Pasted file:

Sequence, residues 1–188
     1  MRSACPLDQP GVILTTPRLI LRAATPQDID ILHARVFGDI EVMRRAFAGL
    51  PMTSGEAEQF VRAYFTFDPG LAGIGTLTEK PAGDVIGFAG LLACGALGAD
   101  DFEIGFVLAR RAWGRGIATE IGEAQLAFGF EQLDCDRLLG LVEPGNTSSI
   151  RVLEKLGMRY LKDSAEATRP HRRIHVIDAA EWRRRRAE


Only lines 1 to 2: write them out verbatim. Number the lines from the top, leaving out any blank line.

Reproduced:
Sequence, residues 1–188
     1  MRSACPLDQP GVILTTPRLI LRAATPQDID ILHARVFGDI EVMRRAFAGL